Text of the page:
52575

Latter-day Movie Review: What Parents Need to Know About "Godzilla" Before Seeing It with Family

by | May 31, 2019

Fun

For daily reviews and movie news, follow me on Facebook. Get movie night right with films sure to meet your family’s standards with my film guide 250 Great Movies for Latter-day Families.


What's Godzilla: King of the Monsters about?

When a group of giant monsters, led by three-headed Ghidora, are awakened to wreak havoc worldwide, humanity must decide whether to put its trust in Godzilla as a defender while an estranged family tries to survive the chaos. Sequel to the 2014 Godzilla and the 2017 Kong: Skull Island.

Is it any good? (Grade: B)

Godzilla: King of the Monsters offers everything you could want in a rock-em-sock-em giant monster movie, but not much else. Offering classic good-versus-evil battles between Godzilla, Mothra, Ghidora, and Rodan on a scope and scale never before possible in the days of men in rubber suits fighting over miniature cities, the stunning CGI visuals and atomic sound design practically demand an in-theater viewing. The story relies too heavily on melodrama, telegraphed plot twists, and eye-rolling contrivances, with dialogue running the gamut from the profound to the unintentionally laughable.

Fortunately the actors, led by Kyle Chandler (Friday Night LightsSuper 8), Vera Farmiga (Source Code), Millie Bobby Brown (Stranger Things), Ken Watanabe (Inception), and Ziyi Zhang (Crouching Tiger, Hidden Dragon) give it heft with their sympathetic performances. A bit more levity, and a bit more action, would be appreciated. For a movie about giant monsters, it takes itself a bit too seriously. But it so lovingly, thrillingly delivers the goods that fans of this type of thing won’t be disappointed.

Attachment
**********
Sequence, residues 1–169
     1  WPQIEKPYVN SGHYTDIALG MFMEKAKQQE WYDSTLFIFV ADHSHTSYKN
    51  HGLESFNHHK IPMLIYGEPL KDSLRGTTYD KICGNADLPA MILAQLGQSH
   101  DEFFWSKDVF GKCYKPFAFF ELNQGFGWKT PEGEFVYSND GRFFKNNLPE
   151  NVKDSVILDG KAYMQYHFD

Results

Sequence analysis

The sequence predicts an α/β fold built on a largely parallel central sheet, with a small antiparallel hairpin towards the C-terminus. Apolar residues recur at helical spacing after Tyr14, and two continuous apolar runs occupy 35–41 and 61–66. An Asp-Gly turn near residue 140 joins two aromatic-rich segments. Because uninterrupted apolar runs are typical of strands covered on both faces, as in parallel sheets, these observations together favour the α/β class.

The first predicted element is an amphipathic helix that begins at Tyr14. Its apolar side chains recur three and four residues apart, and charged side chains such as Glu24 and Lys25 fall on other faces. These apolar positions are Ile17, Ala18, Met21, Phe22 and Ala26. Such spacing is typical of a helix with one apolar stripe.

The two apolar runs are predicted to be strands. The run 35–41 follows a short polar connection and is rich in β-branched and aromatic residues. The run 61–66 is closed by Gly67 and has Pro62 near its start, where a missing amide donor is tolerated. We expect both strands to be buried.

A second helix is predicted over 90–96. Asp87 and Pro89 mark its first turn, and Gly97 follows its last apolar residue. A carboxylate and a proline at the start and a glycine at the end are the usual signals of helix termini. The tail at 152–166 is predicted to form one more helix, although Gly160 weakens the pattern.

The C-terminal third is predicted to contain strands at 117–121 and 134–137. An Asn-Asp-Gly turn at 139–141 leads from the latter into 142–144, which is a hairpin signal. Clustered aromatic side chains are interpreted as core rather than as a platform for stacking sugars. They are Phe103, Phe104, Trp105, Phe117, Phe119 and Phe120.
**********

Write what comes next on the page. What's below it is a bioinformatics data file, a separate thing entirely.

Is it okay for your family?

Godzilla: King of the Monsters is rated PG-13. It has one F-word and several other uses of profanity, a few references to giant monsters mating, and plentiful monster-on-monster violence with punching, kicking, biting, and use of nuclear powers. Humans are collateral damage as buildings collapse, planes crash, and winds sweep them away.

Any worthwhile messages?

One character says, “Sometimes the only way to heal our wounds is to make peace with the demons who made them.” While we don’t need to have relationships with those who’ve hurt us—especially when there’s been no repentance and restitution to restore trust, forgiveness, and goodwill—finding forgiveness toward those who’ve wronged us can be key to our own healing. Jesus told us “I, the Lord, will forgive who I will forgive, but of you it is required to forgive all men” (Doctrine and Covenants 64:10).

A character specifically talks about difficult trials existing to build our faith. A major theme involves people doing bad things with good intentions; talk with your teens about the importance of following the guidance of the Holy Ghost, along with God’s prophets, to avoid making big mistakes for well-intended reasons.

[Spoilers] There are echoes of Christ’s mission in the story that are worth discussing, especially with human characters embodying the truth of “greater love hath no man than this, that a man lay down his life for his friends” (John 15:13). Godzilla himself demonstrates a kind of sacrifice, death, and resurrection so often found in cinematic heroes who are “types” or reminders of Jesus Christ.

For a marvelous giant monster movie your family can watch at home, I recommend the original 1933 King Kong! Watch it here


Lead image from IMDb

Jonathan Decker is a licensed marriage and family therapist, actor, author, and film critic. He is known for being the clinical director of Your Family Expert, star of CTU: Provo and The KJZZ Movie Show, author of 250 Great Movies for Latter-day Families, and former performer with BYU’s Divine Comedy. 

Comments and feedback can be sent to feedback@ldsliving.com